Domini Mortum

By Paul Holbrook

A supernatural murder mystery novel set in late Victorian London.

Saturday, 26 March 2016

A Cute Story for Easter - Mr Rabbit and the Broken Eggs

Exquisite eggs; smashed, damaged, destroyed… dead.

Mr Rabbit looked around at what was left of his collection.  Since he had been a young kitten he had kept them so neatly upon the shelf of his living room on the opposite wall to his fireplace.  There he could sit by the fire on a night and look at hem lovingly, remembering how he had collected each on.  He had added a new one each year and he had been so proud of his wonderful collection, but now they were all gone.

A single tear fell from the corner of one of his large brown eyes, rolling down the soft fur of his face and along one of his long whiskers.  This was the worst feeling he had ever experienced and it was only the shock of the scene before him that stopped him from breaking down completely and becoming wracked with inconsolable sobs.

In the depths of his mind he began to form a list; a different kind of collection, one which identified a list of suspects that could have done this to him.  Mr Rabbit was annoyed at himself for having such bad thoughts but someone must be responsible for this.  Someone broke into his burrow and did this to him, how wicked.  He would give this more thought later; but first he had to clear up this mess in his home.

‘Curse my paws and whiskers!’ he said under his breath as he opened a small door in the wall of his burrow and pulled out his wooden broom. ‘Curse my rotten paws and whiskers.’

He busily swept the broken and smashed fragments of egg that littered the floor of his normally spotless burrow and then, a sad tear still in his eye, he put a kettle on the stove to boil, lighting the flame to heat the water for a cup of tea.

‘All my eggs, all my beautiful eggs…’ he muttered as he waited for the kettle to boil.  He thought of how special each one had been and how they were all unique to him and with each thought he became even sadder.

When the kettle whistled to say that the water was boiling, he got out his best crockery and filled his teapot with hot water.  The smell of lavender rose in the steam, a smell which would normally help him to relax but today it did not seem to work.  He sat down in his favourite comfy armchair and, after pouring a cup for himself, he settled back and sighed.  Oh dear, poor Mr Rabbit did look a very sad sight indeed.  His long ears had lost their spring and now drooped miserably upon his shoulders, his nose, normally so busy, twitching seemed still and dull, and his little paws, normally so clean and well-kept, were dirty and dusty from cleaning.

‘This will not do!’ he said to himself as he sipped his tea and carefully nibbled at the edge of one of the ginger biscuits which Mrs Hedgehog had so kindly made for him the day before.  He pondered his situation and, after some careful thinking, decided upon the culprit.  It had to be Mr Fox; he had always had a glint of jealousy in his eye whenever he had visited Rabbit for supper.  He would always ask to look at the egg collection and he often said how he wished that he could have one just like it.  Fox could not steal the eggs of course, Rabbit would see them next time he visited at Fox’s house and Fox would be unable to deny it. No, Fox had obviously decided in jealousy to destroy Rabbit’s beautiful collection.  Fox’s time would come but first he had other matters in mind.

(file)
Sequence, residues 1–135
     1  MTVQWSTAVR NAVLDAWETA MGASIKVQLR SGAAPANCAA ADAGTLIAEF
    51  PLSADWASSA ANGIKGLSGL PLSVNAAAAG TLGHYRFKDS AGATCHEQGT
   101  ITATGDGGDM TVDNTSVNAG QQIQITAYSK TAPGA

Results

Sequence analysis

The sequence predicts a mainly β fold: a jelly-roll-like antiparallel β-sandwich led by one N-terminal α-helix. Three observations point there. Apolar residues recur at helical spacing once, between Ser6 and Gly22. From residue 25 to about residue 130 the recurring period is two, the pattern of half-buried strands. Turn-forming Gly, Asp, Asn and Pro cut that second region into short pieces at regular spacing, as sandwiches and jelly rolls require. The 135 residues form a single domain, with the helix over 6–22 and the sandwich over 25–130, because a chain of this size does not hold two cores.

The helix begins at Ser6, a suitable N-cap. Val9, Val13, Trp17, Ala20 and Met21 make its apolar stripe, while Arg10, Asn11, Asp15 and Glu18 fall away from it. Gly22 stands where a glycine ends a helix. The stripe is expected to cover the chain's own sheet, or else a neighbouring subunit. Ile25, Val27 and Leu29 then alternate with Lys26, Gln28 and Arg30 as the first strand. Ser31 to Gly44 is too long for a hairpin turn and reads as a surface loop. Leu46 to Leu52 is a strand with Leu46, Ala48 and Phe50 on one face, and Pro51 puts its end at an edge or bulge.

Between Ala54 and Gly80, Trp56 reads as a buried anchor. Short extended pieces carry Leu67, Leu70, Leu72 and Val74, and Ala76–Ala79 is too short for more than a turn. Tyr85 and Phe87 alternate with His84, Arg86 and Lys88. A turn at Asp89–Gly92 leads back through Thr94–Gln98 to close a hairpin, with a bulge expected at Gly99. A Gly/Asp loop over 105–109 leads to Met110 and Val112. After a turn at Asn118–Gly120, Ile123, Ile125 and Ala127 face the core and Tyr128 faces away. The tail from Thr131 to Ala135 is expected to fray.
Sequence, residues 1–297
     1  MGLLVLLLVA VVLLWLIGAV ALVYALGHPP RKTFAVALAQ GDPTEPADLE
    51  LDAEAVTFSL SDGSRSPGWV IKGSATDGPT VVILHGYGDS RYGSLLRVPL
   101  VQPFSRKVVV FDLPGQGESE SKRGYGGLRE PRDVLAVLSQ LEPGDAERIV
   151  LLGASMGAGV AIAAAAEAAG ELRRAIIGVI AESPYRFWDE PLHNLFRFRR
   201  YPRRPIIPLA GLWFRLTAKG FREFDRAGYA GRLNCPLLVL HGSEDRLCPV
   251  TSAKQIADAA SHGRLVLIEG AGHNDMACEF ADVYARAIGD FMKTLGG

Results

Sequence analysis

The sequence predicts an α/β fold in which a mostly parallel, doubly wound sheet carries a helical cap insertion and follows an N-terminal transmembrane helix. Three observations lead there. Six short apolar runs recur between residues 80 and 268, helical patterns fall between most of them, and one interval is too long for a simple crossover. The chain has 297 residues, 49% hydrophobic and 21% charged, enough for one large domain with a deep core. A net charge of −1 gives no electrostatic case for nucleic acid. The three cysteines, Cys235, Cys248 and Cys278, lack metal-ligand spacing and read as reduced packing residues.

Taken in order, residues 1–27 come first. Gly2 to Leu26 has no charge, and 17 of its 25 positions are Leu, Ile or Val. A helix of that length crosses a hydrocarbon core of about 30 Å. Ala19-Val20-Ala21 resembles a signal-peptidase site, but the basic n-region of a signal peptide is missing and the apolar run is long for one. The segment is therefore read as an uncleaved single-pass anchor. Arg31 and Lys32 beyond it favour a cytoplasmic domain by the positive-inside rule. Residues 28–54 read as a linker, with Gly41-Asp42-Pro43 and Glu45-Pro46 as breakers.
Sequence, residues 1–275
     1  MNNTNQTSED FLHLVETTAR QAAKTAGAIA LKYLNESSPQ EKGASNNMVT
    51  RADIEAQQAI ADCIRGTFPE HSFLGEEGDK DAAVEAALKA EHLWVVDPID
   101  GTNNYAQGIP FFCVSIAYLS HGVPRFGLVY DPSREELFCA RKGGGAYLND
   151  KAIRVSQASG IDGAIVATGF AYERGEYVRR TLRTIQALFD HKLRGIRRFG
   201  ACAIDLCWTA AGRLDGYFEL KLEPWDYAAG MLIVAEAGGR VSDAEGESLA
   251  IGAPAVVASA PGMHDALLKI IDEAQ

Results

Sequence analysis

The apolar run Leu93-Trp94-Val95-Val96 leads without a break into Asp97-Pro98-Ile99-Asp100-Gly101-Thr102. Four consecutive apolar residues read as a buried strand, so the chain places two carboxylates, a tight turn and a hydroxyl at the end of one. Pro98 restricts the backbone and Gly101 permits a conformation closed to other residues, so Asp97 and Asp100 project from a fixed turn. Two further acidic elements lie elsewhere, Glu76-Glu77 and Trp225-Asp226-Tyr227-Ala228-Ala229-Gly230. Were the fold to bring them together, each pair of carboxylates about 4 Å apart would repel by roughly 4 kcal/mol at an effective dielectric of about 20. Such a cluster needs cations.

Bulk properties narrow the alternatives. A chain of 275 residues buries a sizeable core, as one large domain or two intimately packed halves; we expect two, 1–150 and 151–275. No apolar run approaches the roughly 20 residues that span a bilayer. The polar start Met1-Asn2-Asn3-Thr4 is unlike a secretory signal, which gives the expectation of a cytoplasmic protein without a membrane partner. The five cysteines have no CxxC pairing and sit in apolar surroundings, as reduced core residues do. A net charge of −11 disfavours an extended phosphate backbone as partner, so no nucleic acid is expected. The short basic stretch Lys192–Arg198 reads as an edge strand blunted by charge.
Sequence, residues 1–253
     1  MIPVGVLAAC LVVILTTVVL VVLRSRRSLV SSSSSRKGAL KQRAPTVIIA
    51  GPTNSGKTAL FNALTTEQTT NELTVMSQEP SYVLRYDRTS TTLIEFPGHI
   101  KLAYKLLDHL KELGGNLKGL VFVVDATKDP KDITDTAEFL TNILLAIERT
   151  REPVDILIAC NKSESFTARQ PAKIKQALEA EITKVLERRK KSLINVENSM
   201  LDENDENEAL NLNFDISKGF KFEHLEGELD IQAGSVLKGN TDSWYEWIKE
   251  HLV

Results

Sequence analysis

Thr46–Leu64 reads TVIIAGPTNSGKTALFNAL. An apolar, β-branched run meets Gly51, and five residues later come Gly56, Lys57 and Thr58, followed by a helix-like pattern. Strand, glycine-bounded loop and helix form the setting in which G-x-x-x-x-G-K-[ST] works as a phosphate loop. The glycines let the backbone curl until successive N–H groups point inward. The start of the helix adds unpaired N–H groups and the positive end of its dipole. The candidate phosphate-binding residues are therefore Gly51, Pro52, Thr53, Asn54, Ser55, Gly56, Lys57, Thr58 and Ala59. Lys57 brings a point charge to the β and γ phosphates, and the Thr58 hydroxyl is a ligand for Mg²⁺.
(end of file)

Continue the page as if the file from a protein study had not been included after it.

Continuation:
His tea finished, he pulled his pocket watch out of his waistcoat and saw that, as it was Easter Sunday, he would still have time to begin his collection again.  One egg at a time; he would start over and make his new collection even better than before.

He scampered out of his burrow and headed through the field to the nearby village waving to his friends as he passed them.  When he reached the village, he spent the afternoon dodging in and out of the gardens looking for a new egg.  After five or six different gardens he finally found the garden which suited his needs.  It was late-afternoon and normally he did this kind of thing early in the morning when the children were asleep, where he would not be seen, but no matter this was a desperate time and called for desperate measures.

The little girl sat in the warm spring sun on a picnic blanket at the bottom of the garden.  She was having a most enjoyable tea party with her teddy bears.  Her parents were in the kitchen at the back of the house but were not looking out at her, they would call her in for dinner soon and the opportunity would be gone.

Mr Rabbit hopped nervously out from under the bush, the girl saw him immediately.

‘Hello, Mr Rabbit.’ She said smiling.  He did not reply but hopped closer.  On the blanket with her was a small porcelain tea set, a present from her grandma just last Christmas.   Next to the tea set was the prize that he was after, an Easter egg still in its wrapper.  He hopped onto the blanket, stopping besides the girl and looking up at her with his soft brown eyes.  His little nose twitched and his whiskers tickled her leg making her giggle in delight.

‘Well, Mr Rabbit you are very friendly aren’t you?  Would you like a cup of tea or a piece of Easter egg?’

His eyes flicked quickly to the kitchen window, her parents were busy cooking dinner and not watching.  He stood on his hind legs and looked up at the girl.

‘I have just had a cup of tea, thank you.’ He said, smiling at her.  ‘And I do not want just a piece of Easter egg.  I want it all.’

He sprung up towards her and sank his large teeth into her neck, tearing at her throat.  Large shots of bright red blood splashed over her teddies and onto her tea set, collecting in the cups.

Such a messy business, egg collection, he thought as she slumped onto the blanket.  But it was his most very favourite hobby.

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